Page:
Vegetalization, mere trend or real eye-opener?

Vegetalization, mere trend or real eye-opener?

That the world is increasingly turning away from meat (and its derivative products) is obvious. According to the study “Vegetables in the Diet of the French” (2017 Ifop / Lesieur), 4% of French people scrupulously follow a vegetarian diet and 9% a flexitarian one (while 26% and 43% try it or consider trying it, respectively). But not only: 41% of French people say they have increased their consumption of vegetal products over the last two years.

In recent years, many campaigns and initiatives have denounced the negative effects of meat. Among these, two key factors emerged: the carcinogenic risk of a diet too rich in red meat (WHO announcement in 2015) and the negative impact of animal agriculture on the environment, brought to light in many documentaries, including “Cowspiracy” by Leonardo DiCaprio.

In parallel, numerous studies by experts from a variety of fields praise the benefits of a diet rich in vegetal products, significantly improving physical and mental health, preventing many illnesses and respecting animals and the planet.

This is not a fashion, but an issue of substance that questions not only the bases of our diet, but also of our society. In other words: to what extent do we accept developing at the expense of our environment, the survival of our planet and its biodiversity? If the vegetal question is posed, it must be posed in these terms.

Some brands are well in advance and have already initiated a timely and committed long-term process. Let’s take the example of N.A! (Solinest) which launches its first range of vegetal milks this month. Once again, N.A! shares its vision of healthy nature (all products are without additives, preservatives, colorants or artificial flavouring), but are also uncomplicated, joyous and delicious. First introduced as on-the-go pocket snacks, the brand has gradually extended its offer to include fruit compotes, followed by salted snacks. The consumer has always brought in to this common sense approach that puts its raison d’être at the heart of its business thinking and allows the brand to expand while respecting its core values.

We might think that this is an action by a small-scale company managed by a convinced and committed entrepreneur, but bigger groups are not necessarily left behind. For instance, Herta, who daringly proposed a complete range of vegetarian products (“Le Bon Végétal”) in 2016, presented this as an alternative to meat, accessible and delicious – and encountered a huge success on the delicatessen shelf. Continuing in this direction, the brand also launched its first vegetal sausages. With this approach, we see neither elitism nor militancy, but a desire to allow a maximum amount of consumers daily access to a varied diet by integrating vegetal products. This remarkable success allowed Herta to establish brand leadership, and to pilot this market segment in less than 12 months, way ahead of its long-time market competitors.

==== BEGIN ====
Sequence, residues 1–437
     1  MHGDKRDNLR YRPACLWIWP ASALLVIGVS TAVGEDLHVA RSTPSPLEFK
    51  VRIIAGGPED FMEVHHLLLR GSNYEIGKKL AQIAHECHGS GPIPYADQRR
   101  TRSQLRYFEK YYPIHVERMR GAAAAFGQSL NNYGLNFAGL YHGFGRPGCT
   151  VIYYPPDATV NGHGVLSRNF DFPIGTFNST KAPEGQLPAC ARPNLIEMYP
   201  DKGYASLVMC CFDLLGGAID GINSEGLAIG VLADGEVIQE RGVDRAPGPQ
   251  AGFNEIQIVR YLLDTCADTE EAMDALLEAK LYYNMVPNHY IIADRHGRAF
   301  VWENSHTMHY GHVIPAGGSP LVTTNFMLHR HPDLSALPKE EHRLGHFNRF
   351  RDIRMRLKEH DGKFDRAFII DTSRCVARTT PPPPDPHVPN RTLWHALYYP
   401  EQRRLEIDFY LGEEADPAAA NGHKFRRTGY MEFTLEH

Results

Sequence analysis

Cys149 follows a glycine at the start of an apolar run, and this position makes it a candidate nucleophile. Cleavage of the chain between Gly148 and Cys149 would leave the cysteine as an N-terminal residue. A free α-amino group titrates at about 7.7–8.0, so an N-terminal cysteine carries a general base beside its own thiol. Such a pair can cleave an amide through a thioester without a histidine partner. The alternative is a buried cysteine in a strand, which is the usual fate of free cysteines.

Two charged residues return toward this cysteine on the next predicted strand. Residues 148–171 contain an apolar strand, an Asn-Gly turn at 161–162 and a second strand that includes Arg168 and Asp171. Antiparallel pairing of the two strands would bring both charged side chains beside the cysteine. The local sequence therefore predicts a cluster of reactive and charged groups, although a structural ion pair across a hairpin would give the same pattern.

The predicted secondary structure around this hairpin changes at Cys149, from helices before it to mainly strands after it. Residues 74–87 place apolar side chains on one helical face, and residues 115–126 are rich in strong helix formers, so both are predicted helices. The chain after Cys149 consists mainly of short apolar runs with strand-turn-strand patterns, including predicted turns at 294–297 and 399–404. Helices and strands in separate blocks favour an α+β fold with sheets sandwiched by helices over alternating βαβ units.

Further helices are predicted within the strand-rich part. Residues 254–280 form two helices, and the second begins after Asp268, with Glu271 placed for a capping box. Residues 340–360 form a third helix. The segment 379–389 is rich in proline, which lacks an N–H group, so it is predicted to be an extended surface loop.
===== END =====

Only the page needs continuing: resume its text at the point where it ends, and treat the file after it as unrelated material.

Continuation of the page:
Beyond intelligently seizing a market opportunity, Herta has been aware of the environmental impact of its production for many years, as witnessed by the birth of its Herta Quality Commitment programme in 2001 to “help ensure we continue to produce high quality foods while minimising our impact on the environment”. This programme has been enriched over the years. Today, it is a fundamental approach in all its quality-focused product sectors, integrating both animal welfare and respect for agricultural resources. A real corporate initiative by a company that is the standard-bearer for ethically produced products and innovations. This virtuous cycle has ensured that Herta is France’s favourite food brand for the 6th consecutive year (source, Kantar WorldPanel Brand Footprint study 2018).

Other companies have adopted and enforce similar policies, such as Danone with organic products, yet not many companies dare to combine CSR (Corporate Social Responsibility) with marketing and branding. However, this is the only real guarantor to consumers that this is real corporate commitment and not mere greenwashing.

Sceptical brands take a risk by not factoring in the versatility of the consumer – and not just the Millennial consumer – who express the significance they wish to bring to their consumption through the act of purchase. They have perfectly integrated the fact that their personal well-being is synonymous with respecting the planet. So yes, industrial brands are in danger if they refuse to leave their comfort zone: to develop and grow, you have to be committed!


Sophie Romet, Associate Director, and Marta Gonzalez Castello, Strategic Planner

2000 1333 Anglais